The story of Greyfriars Bobby is engrained into the Scottish folklore like bagpipes. It has been a subject of Hollywood movies and numerous books. Our Swede friend Virve shares her experience of visiting Bobby’s shrine.
When you hear the word “Scotland”, what first comes to your mind? Perhaps stunning views over green hills, hundreds of square miles with beautiful lakes, medieval ruins, or Loch Ness and its mythical “Nessie”?
Let’s not forget to mention the melodious sound ringing from bagpipes, playfully lingering around you like the background music in a fabulous movie. These have all been my top associations when reflecting over Scotland, but after visiting Edinburgh in July I found yet another association; something that touched my heart deeper than anything else. Edinburgh, the capital of Scotland, holds many treasures for the one looking for a destination of profound historical and cultural dimensions.
And in the middle of this, being an adorer of the canine world, I discovered a piece of history that moved me in the most delicate way: the story of Greyfriars Bobby.
Legend has it that precious Bobby was the quadruped companion of a night watchman of the Edinburgh City Police, named John Gray. They shared life’s ups and downs for two years in the mid 19th-century, until Bobby’s dear friend tragically died from tuberculosis. What then happened to this loyal dog, you might be wondering?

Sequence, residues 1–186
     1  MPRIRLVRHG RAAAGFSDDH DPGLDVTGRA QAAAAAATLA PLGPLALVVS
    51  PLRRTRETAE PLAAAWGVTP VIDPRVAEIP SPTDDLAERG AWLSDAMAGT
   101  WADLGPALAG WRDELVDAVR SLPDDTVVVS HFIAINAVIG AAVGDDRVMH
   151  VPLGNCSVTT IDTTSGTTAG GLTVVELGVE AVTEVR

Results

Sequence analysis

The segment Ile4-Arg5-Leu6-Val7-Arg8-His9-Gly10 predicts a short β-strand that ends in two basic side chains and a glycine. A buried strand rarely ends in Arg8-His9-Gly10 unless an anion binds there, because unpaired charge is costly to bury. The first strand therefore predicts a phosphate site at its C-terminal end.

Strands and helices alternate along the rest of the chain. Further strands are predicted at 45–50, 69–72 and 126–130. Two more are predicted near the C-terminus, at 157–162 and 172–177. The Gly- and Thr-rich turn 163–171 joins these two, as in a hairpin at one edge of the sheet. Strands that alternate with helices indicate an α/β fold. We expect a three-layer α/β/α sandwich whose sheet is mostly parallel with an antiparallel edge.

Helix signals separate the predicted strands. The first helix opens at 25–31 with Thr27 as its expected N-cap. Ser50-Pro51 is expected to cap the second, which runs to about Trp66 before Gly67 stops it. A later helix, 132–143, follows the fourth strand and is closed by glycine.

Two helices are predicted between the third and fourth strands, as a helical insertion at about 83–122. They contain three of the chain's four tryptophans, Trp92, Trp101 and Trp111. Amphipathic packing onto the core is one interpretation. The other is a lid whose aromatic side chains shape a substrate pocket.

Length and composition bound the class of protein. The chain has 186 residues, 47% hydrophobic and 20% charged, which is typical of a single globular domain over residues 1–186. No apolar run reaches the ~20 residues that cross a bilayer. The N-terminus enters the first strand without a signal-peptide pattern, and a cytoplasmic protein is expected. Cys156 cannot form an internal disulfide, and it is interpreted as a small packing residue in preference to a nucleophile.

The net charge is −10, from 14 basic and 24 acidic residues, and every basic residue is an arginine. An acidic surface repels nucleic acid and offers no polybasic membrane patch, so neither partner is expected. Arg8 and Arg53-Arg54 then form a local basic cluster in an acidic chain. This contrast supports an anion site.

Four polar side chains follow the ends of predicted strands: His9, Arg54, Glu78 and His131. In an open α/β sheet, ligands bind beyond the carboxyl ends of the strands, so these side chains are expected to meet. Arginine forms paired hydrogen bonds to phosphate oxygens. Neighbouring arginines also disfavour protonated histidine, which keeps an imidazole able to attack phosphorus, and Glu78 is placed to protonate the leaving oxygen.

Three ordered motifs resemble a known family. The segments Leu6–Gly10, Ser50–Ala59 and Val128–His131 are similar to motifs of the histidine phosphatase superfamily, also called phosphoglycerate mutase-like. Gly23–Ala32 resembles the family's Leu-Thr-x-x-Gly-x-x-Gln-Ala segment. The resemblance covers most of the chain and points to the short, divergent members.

The extraordinary but supposedly true continuation of the story reminds us of the many different expressions of unconditional love. Mr Gray was buried in Greyfriars Kirkyard, which is the graveyard surrounding Greyfriars Kirk in Edinburgh’s Old Town. Despite the efforts of the yard’s keeper and others, Bobby would not be discouraged from guarding the grave of his human. And there he sat; watching over the person he loved the most, every single day – for 14 years.
Bobby was provided with a shelter just near to Mr. Gray’s grave, as many locals were touched by his faithful commitment. Even though the citizens of Edinburgh looked after him, Bobby would not abandon his late companion. It is said that Bobby would leave the tomb only once per day; at one o’clock, when the gun sounded from the prominent Edinburgh Castle. This was the time he would run to a certain eating house, in which he would be served a meal at the gracious hands of the holder of the beanery. Upon finishing it, however, he would return to the spot of his comrade’s rest.
The brave Bobby died at the noble age of 16, on January 14th 1872. He was buried in Greyfriars Kirkyard, too, approximately 75 yards from Mr. Gray’s grave. He rests under a red granite headstone, adorned with a most suitable inscription that reads:
“Greyfriars Bobby – died 14th January 1872 – aged 16 years. Let his loyalty and devotion be a lesson to us all.”
It’s fair to mention that separating fact from legend is always tricky, but whatever the case is, it does not negate the core moral of the legend: that true love is unconditional. It challenges the concept of death, and even conquers it because true love lives on, into eternity.
And the most important lesson of them all: there’s no love like a dog’s love! Be kind to animals – always.